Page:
I wonder what my dad would think about the pandemic, quarantine, and how many loved ones are social distancing or spending time apart.
This is just one of several thoughts I’ve had wondering what my dad would have to say or what he would think about something going on in the world.
These internal questions started the day he died. Literally. I got the news he died when I left a movie theater. I got out of the movie and saw that I had a lot of missed calls and although I wasn’t sure what it was, I knew something was very wrong. I was in shock. When I got to my apartment I robotically threw things in a bag. I couldn’t tell you what I packed. When I got back to my childhood home I cried and hugged my mom and then I sat on the couch surrounded by my mom, a few of my aunts and uncles, and family friends and looked at the TV screen. The Chicago Cubs were playing in the World Series and they won. I wonder what my dad would think about the Cubs finally winning another World Series.
A few days after the Cubs won, Donald Trump was elected as president. I remember watching the polling results in the basement of my parent’s house, surrounded by my brother and my cousin. When we realized the outcome was going to be in Trump’s favor, I wondered what my dad would think about it.
I’ve had a lot of other questions or thoughts like this over the past four and a half years.
I wonder what my dad would think about me becoming a broadcaster. An introvert, who loves writing, is now on a team of people providing programming for a radio network.
I wonder what he would think about me finally starting a rough draft. He asked me several years ago when I was finally going to write a book, reminding me of my own wish to do that. I finally started it and am working through my first rough draft.
Grief isn’t just big anniversaries. It’s the small moments, questions, and thoughts that serve as a reminder that you can’t ask the person you’re missing.
I love the start of a new year— the feelings of new beginnings and endless possibilities. More specifically, I love planning for a new year.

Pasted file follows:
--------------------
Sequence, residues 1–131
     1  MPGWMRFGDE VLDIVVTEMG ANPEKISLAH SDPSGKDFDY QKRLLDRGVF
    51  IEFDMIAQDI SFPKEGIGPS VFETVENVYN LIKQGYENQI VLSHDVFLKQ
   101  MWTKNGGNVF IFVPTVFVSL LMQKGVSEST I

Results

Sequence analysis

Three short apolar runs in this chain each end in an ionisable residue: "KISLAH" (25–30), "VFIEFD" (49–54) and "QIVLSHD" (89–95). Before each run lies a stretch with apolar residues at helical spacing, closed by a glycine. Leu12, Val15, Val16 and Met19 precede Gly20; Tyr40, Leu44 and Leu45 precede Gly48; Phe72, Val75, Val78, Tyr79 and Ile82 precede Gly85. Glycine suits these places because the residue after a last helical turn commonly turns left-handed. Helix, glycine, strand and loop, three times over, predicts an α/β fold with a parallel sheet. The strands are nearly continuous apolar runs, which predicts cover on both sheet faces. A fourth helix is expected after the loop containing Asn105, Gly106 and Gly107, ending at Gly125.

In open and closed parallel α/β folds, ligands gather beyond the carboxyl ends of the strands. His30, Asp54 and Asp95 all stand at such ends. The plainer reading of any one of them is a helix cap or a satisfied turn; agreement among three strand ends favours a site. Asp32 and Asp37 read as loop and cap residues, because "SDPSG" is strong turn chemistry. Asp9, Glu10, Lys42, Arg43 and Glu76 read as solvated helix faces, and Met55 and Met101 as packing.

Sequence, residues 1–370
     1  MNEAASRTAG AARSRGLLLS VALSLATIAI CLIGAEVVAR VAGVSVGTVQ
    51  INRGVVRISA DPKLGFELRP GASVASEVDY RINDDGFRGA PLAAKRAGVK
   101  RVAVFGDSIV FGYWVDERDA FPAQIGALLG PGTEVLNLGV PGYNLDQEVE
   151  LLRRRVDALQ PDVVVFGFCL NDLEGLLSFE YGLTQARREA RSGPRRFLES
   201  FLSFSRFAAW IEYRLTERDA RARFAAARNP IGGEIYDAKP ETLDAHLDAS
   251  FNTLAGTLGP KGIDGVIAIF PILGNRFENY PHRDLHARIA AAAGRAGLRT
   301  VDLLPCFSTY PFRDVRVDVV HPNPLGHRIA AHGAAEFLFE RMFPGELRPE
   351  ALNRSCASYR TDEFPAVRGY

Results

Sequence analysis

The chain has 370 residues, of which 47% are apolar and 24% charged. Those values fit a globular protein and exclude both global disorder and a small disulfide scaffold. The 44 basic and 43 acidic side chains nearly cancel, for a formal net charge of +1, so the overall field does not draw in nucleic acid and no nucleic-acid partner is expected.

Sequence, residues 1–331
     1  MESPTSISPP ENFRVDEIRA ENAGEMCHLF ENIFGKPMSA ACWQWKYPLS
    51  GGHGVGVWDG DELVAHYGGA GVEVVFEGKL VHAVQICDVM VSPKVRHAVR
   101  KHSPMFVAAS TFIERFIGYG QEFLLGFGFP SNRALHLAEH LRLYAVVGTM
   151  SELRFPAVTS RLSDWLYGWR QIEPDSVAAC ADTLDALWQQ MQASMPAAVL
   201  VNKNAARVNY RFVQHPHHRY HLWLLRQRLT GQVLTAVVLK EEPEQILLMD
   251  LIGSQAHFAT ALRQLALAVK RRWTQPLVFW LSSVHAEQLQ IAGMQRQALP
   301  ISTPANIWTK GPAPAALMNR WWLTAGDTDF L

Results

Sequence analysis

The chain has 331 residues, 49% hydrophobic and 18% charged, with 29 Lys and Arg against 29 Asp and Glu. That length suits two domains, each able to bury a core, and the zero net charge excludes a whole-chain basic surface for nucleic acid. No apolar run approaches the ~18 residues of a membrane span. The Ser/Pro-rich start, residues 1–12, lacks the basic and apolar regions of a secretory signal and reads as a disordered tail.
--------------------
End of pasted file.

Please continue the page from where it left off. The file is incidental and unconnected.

I love a fresh planner and mapping out events, to-do lists, and goals. But something happens around March and April and I start filling out my planner less. By October, I typically am not filling out the planner at all anymore because I’m either busy or less motivated to continue filling it out.
That changed this year with a bullet journal. I filled out nearly 200 pages of a blank journal (except for the bullets) between January and December. So, what changed and how was I able to stick with it?
I felt organized. I was able to keep track of things I needed to do during a week and each month I tracked goals and dates I needed to remember. I created spreads for work events where I could track my schedule of interviews.
I wrote about things that happened throughout the year— I added one photo for each month of the year to show a favorite memory. I added a spread about 20 things I did in 2020 and then a list of some of my favorite things that happened including traveling to Florida, San Antonia, DC, and South Carolina; visiting family; a weekend getaway with family in Gatlinburg; and celebrating my cousin’s bachelorette and wedding shower.
Some of my other favorite parts of my bullet journal were a bookcase where I kept track of what I read during the year and a book bracket to decide my favorite book of each month before picking one favorite for the entire year. I also tracked my mood, habits, and a highlight for every day. This was a cool way to look back and see how I was feeling, what I was thinking, and what habits I kept up.
I already started a new bullet journal for 2021. I added another bookcase and book tracker, some lists, and a spread for the month of January. I’m looking forward to keeping the bullet journal going into the new year.
After weeks of social distancing, quarantining, staying home as much as possible, an overload of information on social media, and daily news briefings, it’s not uncommon to feel tired, anxious, restless, and just plain unsure.
As a journalist, I’ve been getting weary of writing COVID-19 stories at times. Brene Brown recently said that everyone is handling the pandemic in different ways, but collectively, people are tired— physically, emotionally, and spiritually exhausted.
In challenging times, I am reminded of the quote by Mr. Rogers: “When I was a boy and I would see scary things in the news, my mother would say to me, ‘Look for the helpers. You will always find people who are helping.’” It’s a quote that still resonates today.
I’ve been able to look for the helpers in my job and report about some of the things that people are doing to help others during the pandemic. Many people are making face masks for health care workers and donating hospital gowns or other protective gear to nursing homes and others have donated food and time to serve community members.
There are endless stories of people helping others and I’m choosing to focus on that and look for ways that I can help when the weariness kicks in.
How are you doing? what helpers have you seen during the pandemic?